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Meet a Few of the Female Scientists Fighting Climate Change By Marvin Li



We were all inspired by Greta Thunberg’s daring speech at the UN Climate Action Summit last year. As a sixteen-year-old girl, she gave a stirring call for action to address the climate crisis and led a global youth movement to combat climate change. If all women and men take action like Greta Thunberg, we will resolve the climate crisis. On the occasion of the International Day of Women and Girls in Science on February 11, we at Zero Hour would like to feature three outstanding female scientists who are among many at the forefront of the fight against climate change. Their incredible experiences should inspire girls and boys around the world to pursue careers in climate science.


Meet Dr. Inez Fung, a Professor of Atmospheric Science at the University of California,

Berkeley and a member of the National Academy of Sciences. She is a pioneer in climate modeling and has done extensive research on biogeochemical cycles and climate change. Prof. Fung contributed to the Intergovernmental Panel on Climate Change (IPCC) Third and Fourth Assessment reports. She was one of the 18 scientists who filed an amicus curiae brief in Massachusetts vs U.S. Environmental Protection Agency to advocate for the regulation of carbon dioxide emissions. A native of Hong Kong, Fung was the second woman to receive a Doctor of Science in Meteorology from Massachusetts Institute of Technology in 1977. When I met her last summer, I was immediately drawn to her boundless curiosity and passion for science. “I like studying the Earth because Earth presents endless puzzles that intrigue me. There is an order in the way parts of the Earth work together - the atmosphere, the oceans, the land, the biosphere, the chemistry, the physics. To be able to express the order in mathematical equations is elegant. When I think I have understood a small question, a new one presents itself.” said Prof. Fung. Her latest endeavor is to encourage girls to pursue science. She firmly believes that everyone should have opportunities to enjoy science and that everyone has the capabilities to contribute to advance science.



Meet Dr. Patricia Glibert, a Professor at the University of Maryland Center for Environmental Science and a Fellow of the American Association for the Advancement of Science. Prof. Glibert is a world leader on harmful algal blooms (HABs). She has investigated HABs in coastal waters and lakes around the world and found that the frequency and severity of HABs have increased globally due to population growth and agriculture production. Her recent research shows that climate change such as warming and extreme precipitation can lead to more frequent and widespread HABs. I worked with her on modeling toxic HABs on the West Florida Shelf and was inspired by her passion and dedication to scientific research. Glibert received her Ph.D. in organismal and evolutionary biology at Harvard University in 1982. “When I first entered the field of oceanography, I was one of just a few women. It was not unusual for me to be the only woman on a cruise (60 days across the Indian Ocean, for example), the only woman at a national meeting, the only woman at a workshop. I look around now at our students and see mostly female faces. What a change! What a great change! There are so many challenges with pollution, climate change, and the oceans. Many career options are available for girls and boys interested in science and math.” said Prof. Glibert.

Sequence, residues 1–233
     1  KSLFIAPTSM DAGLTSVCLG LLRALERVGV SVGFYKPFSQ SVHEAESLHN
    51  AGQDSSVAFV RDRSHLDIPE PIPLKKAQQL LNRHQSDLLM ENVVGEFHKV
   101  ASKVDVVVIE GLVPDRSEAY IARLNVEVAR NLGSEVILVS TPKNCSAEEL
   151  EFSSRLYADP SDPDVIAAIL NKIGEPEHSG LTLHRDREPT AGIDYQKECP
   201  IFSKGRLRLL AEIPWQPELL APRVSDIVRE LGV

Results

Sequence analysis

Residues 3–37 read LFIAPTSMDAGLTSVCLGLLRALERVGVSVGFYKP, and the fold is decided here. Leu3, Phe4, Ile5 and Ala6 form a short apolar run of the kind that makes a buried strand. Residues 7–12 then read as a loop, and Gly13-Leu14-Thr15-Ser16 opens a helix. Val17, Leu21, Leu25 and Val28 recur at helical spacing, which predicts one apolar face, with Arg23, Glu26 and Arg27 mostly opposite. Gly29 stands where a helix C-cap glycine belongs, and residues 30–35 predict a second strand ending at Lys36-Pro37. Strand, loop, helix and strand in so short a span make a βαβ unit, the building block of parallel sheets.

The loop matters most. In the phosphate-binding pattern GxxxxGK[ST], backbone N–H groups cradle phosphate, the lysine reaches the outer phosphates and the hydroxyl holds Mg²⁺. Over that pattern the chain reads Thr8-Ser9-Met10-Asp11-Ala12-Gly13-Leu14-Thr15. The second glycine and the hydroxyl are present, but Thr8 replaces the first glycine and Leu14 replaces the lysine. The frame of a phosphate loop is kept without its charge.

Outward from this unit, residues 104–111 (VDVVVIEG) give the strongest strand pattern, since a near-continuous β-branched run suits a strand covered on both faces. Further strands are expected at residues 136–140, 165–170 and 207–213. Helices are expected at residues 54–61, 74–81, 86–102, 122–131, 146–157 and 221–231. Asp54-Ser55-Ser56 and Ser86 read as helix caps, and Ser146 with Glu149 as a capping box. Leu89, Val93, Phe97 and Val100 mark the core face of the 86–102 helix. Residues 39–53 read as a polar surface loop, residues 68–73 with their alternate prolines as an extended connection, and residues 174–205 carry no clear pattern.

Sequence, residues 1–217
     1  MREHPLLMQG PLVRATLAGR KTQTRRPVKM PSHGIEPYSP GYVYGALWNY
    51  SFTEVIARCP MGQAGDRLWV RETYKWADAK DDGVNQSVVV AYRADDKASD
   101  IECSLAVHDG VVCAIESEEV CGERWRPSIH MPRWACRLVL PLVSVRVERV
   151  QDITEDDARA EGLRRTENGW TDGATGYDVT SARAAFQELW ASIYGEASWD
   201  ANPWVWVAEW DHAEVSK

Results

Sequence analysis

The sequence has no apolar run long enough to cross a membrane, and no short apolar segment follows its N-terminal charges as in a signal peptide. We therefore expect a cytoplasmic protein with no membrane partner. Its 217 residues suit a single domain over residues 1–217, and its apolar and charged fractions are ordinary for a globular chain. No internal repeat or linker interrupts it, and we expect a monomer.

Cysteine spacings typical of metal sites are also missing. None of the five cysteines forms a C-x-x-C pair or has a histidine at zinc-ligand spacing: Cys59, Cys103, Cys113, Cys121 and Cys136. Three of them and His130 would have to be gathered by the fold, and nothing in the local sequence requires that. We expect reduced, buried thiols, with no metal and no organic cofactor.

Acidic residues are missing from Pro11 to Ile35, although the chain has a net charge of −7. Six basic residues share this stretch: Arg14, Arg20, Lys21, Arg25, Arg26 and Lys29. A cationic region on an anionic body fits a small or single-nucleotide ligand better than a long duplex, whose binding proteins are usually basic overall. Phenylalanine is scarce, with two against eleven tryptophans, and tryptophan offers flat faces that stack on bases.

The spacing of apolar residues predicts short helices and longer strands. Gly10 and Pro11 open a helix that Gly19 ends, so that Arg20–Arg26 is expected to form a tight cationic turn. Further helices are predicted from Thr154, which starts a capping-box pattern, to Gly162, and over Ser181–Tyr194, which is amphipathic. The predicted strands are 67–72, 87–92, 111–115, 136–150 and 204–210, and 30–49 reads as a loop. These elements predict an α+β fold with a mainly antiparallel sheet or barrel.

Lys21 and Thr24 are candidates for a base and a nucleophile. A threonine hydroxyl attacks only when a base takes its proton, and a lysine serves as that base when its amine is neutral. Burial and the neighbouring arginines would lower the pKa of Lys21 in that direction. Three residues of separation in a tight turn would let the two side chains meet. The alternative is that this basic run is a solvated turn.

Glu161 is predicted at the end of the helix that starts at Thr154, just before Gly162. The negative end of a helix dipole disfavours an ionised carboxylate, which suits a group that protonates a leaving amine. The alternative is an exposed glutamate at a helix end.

Meet Dr. Elizabeth North, an Associate Professor at the University of Maryland Center for Environmental Science. After completing a B.A. degree in Religion, she found her passion in environmental science and obtained a Ph.D. in the Marine-Estuarine-Environmental Science at the University of Maryland, College Park. She has conducted extensive research on biological- physical interactions and fisheries oceanography. Recently, she is exploring how to make use of Earth’s natural carbon sinks to sequester carbon and reverse climate change. She is working on a technology that uses algae to form calcium carbonate from dissolved carbon dioxide in water.


Speaking about the motivations behind her research, Dr. North said, “I don’t want to stand by and watch the people and land that I care so deeply about go underwater because we’ve shifted our atmosphere out of balance.” Dr. North is actively involved in science communication: “By reaching outside of science, I get to learn about problems that people really need help solving and how to offer solutions in a way that is most helpful.” Profs. Fung, Glibert, and North are all making a difference with their research on climate change.


When girls and boys around the world follow their footsteps, we can overcome the greatest challenge facing humankind: we can halt and reverse climate change. Yes, we can!

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About the Author


Marvin Li is the Editor of Zero Hour Medium blog. Li is a member of Zero Hour and from Salisbury, Maryland.

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Office of the Secretary-General's Envoy on Youth supports all young people and their diversity in exercising their right to freedom of expression. Reach Not Preach platform serves as a safe space for all young people to share their take on the topic of climate change. The views expressed in the Reach Not Preach platform are those of their authors and do not necessarily reflect the view or policies of the United Nations Office of the Secretary-General's Envoy on Youth and the United Nations.